7) Always Home: A Daughter’s Recipes and Stories, Fanny Singer
Description: A culinary memoir about growing up as the daughter of revered chef and restaurateur Alice Waters: a story of food, family, and the need for beauty in all aspects of life.
This audiobook went quickly — even though it has 32 chapters — because the chapters are short and each one contains a recipe at the end. The book is a sweet tribute to Fanny’s mother, Alice Waters, and I liked Fanny’s descriptions of her unconventional life, but my pet peeve is people who read recipes out loud in an audiobook. Sometimes authors choose to do this; other times they’ll include all the recipes at the end. I do not want someone to read me their recipe out loud, especially when it includes items I would never make, like a leg of lamb cooked over a hearth(!), and rose hip jelly. Luckily, since the recipes fell at the end of chapters and not in the middle (which has also happened to me before), I could fast forward to the end of the chapter once she started in on the ingredients list.
You can find an L.A. Times article (along with a short video) here.
Description: Actress Hilarie Burton tells the inspiring story of leaving Hollywood for a radically different kind of life in upstate New York with her husband Jeffrey Dean Morgan—a celebration of community, family, and the value of hard work in small town America.
I tend to like books about urbanites who move to a farm — and even though this is a celebrity in an idealized version of farm life, it’s still fun. Just like the book mentioned above, Hilarie reads some of her recipes out loud (which is unfortunate), but there’s only a few of them this time. There’s an interview with Hilarie (and pics of her farm) here.
Description: Reclaim your time, money, health, and happiness from our toxic diet culture with groundbreaking strategies from Harrison — a clinician, registered dietitian, and journalist.
I agree that diet culture steals people’s time — it’s stolen the author’s time, it’s stolen my time. Harrison raises a lot of good points (for example, you shouldn’t bother to diet because the vast majority of people who lose weight will gain it all back), but making good points is different from being able to convince women that the Health At Every Size (HAES) movement will fully catch on. For those who are ready though, this book is a good resource.
10) I’m Your Huckleberry: A Memoir, Val Kilmer
Description: Legendary actor Val Kilmer shares the stories behind his most beloved roles, reminisces about his star-studded career and love life, and reveals the truth behind his recent health struggles.
I read this Washington Post review before I started listening to the audiobook, so I knew the book wasn’t going to be great. I agree with the author of that review, who said: “Rather than a carefully curated self-portrait, Kilmer offers a scatterbrained journey into his idiosyncratic head space.”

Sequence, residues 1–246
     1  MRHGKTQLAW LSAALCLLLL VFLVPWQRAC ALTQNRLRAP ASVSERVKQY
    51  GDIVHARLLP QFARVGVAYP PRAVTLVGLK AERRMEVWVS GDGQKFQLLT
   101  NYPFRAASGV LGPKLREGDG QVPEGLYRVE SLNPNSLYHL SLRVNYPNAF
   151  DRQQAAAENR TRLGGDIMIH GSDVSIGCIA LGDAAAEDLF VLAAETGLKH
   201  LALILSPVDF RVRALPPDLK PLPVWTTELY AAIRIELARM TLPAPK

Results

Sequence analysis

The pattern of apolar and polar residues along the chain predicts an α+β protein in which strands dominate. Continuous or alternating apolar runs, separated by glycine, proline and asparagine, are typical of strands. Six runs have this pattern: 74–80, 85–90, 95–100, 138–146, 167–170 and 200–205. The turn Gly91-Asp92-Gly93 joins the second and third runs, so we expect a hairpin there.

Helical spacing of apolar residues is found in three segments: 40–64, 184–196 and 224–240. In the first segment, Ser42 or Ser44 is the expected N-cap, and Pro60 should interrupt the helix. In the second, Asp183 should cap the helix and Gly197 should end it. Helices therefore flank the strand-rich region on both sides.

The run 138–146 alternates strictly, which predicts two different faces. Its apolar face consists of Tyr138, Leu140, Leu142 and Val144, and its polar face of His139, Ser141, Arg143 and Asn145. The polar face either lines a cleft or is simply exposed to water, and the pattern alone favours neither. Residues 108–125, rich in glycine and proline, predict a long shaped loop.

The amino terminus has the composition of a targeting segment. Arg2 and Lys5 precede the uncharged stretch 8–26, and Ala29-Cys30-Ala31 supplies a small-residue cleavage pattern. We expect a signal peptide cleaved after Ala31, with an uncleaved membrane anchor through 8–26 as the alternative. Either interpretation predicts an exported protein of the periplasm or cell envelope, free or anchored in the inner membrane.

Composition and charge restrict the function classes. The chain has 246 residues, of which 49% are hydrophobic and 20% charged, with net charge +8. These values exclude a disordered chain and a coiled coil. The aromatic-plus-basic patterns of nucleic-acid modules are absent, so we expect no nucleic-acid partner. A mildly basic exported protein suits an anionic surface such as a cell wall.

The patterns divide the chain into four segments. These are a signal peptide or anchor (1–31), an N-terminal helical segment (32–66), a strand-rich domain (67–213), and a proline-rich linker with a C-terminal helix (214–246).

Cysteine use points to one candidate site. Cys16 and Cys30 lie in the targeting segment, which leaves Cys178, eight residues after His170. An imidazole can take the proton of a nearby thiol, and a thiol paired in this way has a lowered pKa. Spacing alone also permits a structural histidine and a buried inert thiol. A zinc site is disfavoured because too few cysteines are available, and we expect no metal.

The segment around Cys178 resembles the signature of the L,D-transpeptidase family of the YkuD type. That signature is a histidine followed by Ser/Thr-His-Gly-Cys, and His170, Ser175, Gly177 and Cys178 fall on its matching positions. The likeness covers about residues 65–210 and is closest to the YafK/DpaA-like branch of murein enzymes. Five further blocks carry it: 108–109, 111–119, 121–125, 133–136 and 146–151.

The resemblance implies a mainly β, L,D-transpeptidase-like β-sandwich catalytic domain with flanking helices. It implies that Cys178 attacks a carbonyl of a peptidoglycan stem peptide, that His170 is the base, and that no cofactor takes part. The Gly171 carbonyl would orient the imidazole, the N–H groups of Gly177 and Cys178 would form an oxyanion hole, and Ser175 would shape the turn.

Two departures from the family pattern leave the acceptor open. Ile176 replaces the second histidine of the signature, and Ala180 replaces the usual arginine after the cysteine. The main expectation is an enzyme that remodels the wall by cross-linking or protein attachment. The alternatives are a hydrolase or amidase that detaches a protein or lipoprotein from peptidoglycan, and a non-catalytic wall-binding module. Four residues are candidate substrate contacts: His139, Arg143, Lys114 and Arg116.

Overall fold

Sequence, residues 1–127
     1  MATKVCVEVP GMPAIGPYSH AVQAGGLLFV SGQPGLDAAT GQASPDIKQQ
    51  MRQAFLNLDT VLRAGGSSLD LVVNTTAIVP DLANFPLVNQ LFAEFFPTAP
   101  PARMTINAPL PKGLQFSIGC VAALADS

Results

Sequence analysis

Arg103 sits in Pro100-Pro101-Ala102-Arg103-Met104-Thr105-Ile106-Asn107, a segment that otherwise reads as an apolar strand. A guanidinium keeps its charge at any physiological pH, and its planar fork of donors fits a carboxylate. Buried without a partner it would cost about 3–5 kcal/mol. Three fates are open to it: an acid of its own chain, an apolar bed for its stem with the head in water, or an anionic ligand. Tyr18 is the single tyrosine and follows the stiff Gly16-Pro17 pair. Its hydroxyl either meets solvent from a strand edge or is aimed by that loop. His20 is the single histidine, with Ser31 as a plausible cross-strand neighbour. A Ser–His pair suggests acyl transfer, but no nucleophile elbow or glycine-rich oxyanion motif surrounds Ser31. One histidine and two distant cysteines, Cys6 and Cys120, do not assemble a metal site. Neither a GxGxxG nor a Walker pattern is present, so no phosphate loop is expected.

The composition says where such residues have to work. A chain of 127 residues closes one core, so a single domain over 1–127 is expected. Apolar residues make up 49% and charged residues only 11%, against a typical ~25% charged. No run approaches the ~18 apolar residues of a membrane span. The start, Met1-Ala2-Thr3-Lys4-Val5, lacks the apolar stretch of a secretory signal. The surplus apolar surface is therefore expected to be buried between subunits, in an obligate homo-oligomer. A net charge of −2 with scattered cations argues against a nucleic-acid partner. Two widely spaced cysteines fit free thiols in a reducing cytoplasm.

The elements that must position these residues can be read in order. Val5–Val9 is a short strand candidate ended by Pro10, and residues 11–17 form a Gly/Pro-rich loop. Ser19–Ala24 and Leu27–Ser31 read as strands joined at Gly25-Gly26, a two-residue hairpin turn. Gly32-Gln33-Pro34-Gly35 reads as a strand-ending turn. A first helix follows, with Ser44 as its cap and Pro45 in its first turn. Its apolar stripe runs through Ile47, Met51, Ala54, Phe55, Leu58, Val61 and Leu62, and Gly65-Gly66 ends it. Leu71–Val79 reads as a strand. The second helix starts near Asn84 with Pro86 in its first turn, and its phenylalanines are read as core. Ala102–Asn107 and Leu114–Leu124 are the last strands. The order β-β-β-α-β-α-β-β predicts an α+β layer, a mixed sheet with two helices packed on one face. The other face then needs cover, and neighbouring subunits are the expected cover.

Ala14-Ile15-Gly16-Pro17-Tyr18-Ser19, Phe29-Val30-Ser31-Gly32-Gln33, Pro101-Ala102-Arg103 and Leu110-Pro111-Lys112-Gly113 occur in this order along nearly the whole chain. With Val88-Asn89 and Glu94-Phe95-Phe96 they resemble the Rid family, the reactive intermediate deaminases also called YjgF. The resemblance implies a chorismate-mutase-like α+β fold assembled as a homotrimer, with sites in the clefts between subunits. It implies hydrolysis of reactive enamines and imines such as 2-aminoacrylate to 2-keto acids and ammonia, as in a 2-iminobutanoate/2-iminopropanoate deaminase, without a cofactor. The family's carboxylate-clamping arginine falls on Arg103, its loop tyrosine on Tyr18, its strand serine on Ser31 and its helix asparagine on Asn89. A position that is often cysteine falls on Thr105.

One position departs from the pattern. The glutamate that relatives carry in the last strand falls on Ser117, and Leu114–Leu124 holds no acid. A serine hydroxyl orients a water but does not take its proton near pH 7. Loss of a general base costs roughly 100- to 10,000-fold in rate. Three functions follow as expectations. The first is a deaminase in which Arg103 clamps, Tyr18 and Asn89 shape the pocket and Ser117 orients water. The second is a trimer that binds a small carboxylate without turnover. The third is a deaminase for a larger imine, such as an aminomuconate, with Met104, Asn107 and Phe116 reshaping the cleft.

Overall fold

I was initially perturbed that Kilmer wasn’t reading the book himself (it’s a big part of the experience of listening to a celebrity memoir), before I was reminded that Kilmer had throat cancer some years back. (There’s an interview with him on Good Morning America here, if you want to hear what his voice sounds like.)
There are two males who voice his audiobook, along with his long-time friend (and former girlfriend) Mare Winningham. I found Mare’s narration distracting, not because she doesn’t read well, but because she’s a woman reading a book written by a man, which my brain found confusing.
Kilmer wrote about his major roles, but not in a super in-depth way, and talks about famous former girlfriends (like Cher, who he started dating when he was 21 and she was in her mid-30s). He also talked a lot (too much) about his Christian Science faith.
Description: The founder of a female-focused recovery program offers a radical new path to sobriety.
I’m not quitting alcohol, but I do drink less than I used to. I’ve only had a few glasses of wine in the past 2.5 months we’ve been in quarantine. Whitaker is a former heavy drinker who now believes that alcohol is poison for everyone and a tool of the patriarchy; no amount of drinking is safe. It makes you age, it causes breast cancer. She started her own sober recovery program as an alternative to AA.
For someone who needs it (and Whitaker would say that everyone needs it, whether you think you have a problem with alcohol or not), this book could be a good resource. You can read interviews with the author here and here.
12) Bullshit Jobs: A Theory, David Graeber
Description: An argument against the rise of meaningless, unfulfilling jobs, and their consequences.
I know that bullshit jobs exist, but I should have stuck with reading the essay that inspired the book. I didn’t need to read about this subject in so much detail.